What led a school principal to barricade himself and fatally shoot Trooper Nicholas Clark remains unclear

On the hottest day of the year, a subtle breeze carried a stone cold silence.

Monday evening, communities spanning Steuben County lined streets and highways to send off a protector and revered figure in the community.

A procession of dozens of New York State Police vehicles escorted the body of Nicholas F. Clark home for a final time after the 29-year-old trooper was shot and killed early Monday morning while responding to a domestic dispute in the Town of Corning involving a suicidal man, according to authorities.

In Hornell, hundreds gathered in the streets along state Route 36 to say "goodbye", to say "thank you," and to pause in a moment of peaceful reflection for a fallen hero, as his body was borne to Canisteo.

As friends, family, colleagues and community members mourn the loss of Trooper Clark, the question remains: What led a school principal to open fire and kill a New York state trooper in Steuben County?

Investigators say Trooper Clark was shot and killed by 43-year-old Steven Kiley while responding to a domestic call early Monday morning.

According to a biography, which is no longer on the Bradford Central School District's website, Kiley had worked in the district since 2006. The school district superintendent said he had served as director of pupil services beginning in 2012 and had been K-12 principal since July 2016.

The shooting happened after authorities say Kiley's estranged wife called 911 from their home on Welch Road in Erwin, near Corning. His wife told police he was armed and contemplating suicide.

During the response, Trooper Clark was shot. Police say Kiley then killed himself.

New York State Police removed boxes of evidence from Kiley's home Tuesday.

As state police scour the home for clues, the department remains tight-lipped about what actually transpired between the 3:30 a.m. 911 call by Kiley's estranged wife up until the death of Trooper Clark and Kiley.

In an email of nearly two dozen questions to state police, including what kind of gun Kiley had and if any sort of shootout occurred, the short response back to News 10NBC was, "I'm not sure we are in a position to answer most of those questions. I will see if and when we will be speaking with the media."

On Tuesday, a neighbor told News 10NBC that he heard three or four loud bangs around 5:30 a.m. and knew they were gunshots. He also heard a final, single bang, at 8 a.m.

The neighbor says the couple lived in the home for at least six years and had a son. While he didn't know them personally he said they looked like a happy family, having a party at their home this past weekend.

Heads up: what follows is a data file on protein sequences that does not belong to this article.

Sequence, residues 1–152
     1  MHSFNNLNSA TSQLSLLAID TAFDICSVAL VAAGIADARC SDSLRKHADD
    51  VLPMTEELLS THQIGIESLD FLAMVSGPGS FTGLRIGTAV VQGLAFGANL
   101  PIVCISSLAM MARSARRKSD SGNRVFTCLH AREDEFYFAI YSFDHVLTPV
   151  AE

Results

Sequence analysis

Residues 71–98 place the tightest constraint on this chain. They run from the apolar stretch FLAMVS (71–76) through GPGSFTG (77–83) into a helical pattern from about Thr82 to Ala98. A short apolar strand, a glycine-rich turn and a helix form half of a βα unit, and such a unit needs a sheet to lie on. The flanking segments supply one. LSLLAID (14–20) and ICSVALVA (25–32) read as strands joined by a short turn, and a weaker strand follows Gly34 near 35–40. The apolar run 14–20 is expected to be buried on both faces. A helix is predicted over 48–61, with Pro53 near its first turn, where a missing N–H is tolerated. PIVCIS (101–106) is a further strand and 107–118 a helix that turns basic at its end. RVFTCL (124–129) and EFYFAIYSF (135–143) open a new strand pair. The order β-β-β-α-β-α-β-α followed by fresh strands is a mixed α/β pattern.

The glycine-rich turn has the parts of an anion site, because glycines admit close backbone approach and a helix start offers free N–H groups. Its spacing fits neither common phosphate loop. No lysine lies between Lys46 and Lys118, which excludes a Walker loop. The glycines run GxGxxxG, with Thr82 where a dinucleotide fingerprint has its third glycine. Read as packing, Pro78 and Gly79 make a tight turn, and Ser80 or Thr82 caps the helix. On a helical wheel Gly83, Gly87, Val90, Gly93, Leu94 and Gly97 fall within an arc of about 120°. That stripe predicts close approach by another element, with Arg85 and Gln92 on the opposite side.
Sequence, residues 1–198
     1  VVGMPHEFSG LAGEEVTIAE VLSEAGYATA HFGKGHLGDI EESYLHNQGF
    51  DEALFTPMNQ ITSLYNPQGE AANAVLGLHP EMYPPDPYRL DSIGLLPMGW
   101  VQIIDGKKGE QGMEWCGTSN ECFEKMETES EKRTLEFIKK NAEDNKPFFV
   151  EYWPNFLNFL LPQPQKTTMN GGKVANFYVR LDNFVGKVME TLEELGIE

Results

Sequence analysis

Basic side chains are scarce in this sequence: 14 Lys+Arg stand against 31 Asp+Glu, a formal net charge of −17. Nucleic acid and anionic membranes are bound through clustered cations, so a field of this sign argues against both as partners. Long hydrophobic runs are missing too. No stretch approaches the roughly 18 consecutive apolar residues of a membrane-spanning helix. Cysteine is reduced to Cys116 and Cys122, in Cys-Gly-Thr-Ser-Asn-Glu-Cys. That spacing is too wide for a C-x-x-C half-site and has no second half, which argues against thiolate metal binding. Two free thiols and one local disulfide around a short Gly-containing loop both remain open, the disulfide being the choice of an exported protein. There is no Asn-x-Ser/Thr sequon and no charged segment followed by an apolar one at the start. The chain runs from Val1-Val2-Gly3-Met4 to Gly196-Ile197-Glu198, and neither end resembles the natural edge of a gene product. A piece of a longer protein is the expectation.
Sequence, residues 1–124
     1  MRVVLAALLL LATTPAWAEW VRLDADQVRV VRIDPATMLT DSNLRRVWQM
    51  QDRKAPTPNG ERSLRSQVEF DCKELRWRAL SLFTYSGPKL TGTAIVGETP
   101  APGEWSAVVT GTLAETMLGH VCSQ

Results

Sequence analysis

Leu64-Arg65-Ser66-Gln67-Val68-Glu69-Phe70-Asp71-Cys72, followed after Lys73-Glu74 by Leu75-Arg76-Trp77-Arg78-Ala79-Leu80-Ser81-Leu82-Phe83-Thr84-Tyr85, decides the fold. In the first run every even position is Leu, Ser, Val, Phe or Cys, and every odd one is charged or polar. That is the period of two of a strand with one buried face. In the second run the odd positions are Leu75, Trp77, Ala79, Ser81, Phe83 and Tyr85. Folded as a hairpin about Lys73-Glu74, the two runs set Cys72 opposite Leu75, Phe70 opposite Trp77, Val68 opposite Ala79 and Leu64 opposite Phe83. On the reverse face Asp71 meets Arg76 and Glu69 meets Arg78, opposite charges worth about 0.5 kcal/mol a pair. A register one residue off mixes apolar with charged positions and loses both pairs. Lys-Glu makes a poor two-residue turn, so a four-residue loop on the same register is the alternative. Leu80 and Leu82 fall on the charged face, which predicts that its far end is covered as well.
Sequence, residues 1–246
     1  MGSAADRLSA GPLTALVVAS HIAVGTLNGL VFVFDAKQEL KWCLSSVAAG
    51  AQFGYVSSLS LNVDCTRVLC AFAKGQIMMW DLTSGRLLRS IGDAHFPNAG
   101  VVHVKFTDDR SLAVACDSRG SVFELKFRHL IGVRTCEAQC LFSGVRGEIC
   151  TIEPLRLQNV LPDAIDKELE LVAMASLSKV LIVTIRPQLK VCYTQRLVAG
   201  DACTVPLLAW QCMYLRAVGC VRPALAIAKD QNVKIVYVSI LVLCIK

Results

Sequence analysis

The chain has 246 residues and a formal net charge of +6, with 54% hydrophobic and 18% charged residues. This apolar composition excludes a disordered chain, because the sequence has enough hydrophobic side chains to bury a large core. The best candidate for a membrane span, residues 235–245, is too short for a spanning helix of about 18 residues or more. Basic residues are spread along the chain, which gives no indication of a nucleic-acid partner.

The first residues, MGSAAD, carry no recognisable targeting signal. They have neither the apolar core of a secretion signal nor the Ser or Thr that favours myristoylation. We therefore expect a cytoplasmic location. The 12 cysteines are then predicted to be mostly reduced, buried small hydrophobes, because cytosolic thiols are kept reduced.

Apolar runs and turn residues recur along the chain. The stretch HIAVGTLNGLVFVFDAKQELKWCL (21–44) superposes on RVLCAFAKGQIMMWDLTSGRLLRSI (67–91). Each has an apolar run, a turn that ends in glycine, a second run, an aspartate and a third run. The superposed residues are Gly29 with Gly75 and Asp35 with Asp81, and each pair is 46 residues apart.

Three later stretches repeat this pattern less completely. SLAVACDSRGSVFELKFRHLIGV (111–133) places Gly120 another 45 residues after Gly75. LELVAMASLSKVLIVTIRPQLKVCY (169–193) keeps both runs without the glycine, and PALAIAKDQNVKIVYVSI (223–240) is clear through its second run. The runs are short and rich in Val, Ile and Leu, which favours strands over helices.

As more answers are sought, the community where he grew up is gathering to remember Trooper Clark. He grew up in Canisteo, where his body was escored Monday night.

On its way southbound to the HP Smith & Sons Funeral Home in Canisteo, the procession passed under a massive American flag, hanging from the outstretched bucket of the Hornell Fire Department’s ladder truck.

In the trail of the procession, a long silence continued, as onlookers failed to find the words that would restore comfort and peace of mind in the wake of a senseless tragedy.

His hometown remembers the Canisteo-Greenwood High School graduate as an all-around athlete and now a hero.

“He’s a guy that would take the shirt off his back, money out of his wallet, really do anything for (people),” said Canisteo Village Patrolman Mark Ahearn, who grew up in Canisteo like Trooper Clark. “He’s the son that a mother, a father and a brother can be very proud of.”

Canisteo Police Chief Kyle Amidon said his and Nick’s friendship goes way back.

“Basically we were raised together,” Amidon said. “Youth wrestling, youth football, little league, all the sport all the the way up through. We both graduated from Canisteo-Greenwood High School together. We both wrestled after high school. He went to North Carolina at Greensboro for wrestling, I went to Alfred State for wrestling. But even then, we were still in contact daily.”

Amidon said people could always count on Trooper Clark.

“Nick is a great guy, I like to describe him as a heroic person, both on and off the field,” Amidon said.

John Marshall, superintendent of the Bradford Central School District, released a statement regarding the incident Tuesday morning saying in part, "I would like to offer our most sincere condolences to the family of Trooper Nicholas Clark. Trooper Clark was a hero, as are all men and women who serve in law enforcement." He would go on to add, "to our students, staff, community and all parties impacted by this tragedy, please know we are here to support you throughout this process. Again, our thoughts are with all families impacted by yesterday’s events."

Flags across the state at all government buildings are at half-staff for Trooper Clark. He had been on the force for three years before he was shot and killed.

 

Funeral arrangements have been set for Trooper Clark. Calling hours will be held on Saturday, July 7 from 1 p.m. to 6 p.m. at Alfred University, 99 N. Main St., Alfred, where a funeral service will be held at 11 a.m. Sunday, July 8.

Includes reporting from The Leader reporter Jeff Smith and Daily Messenger news partner, News 10NBC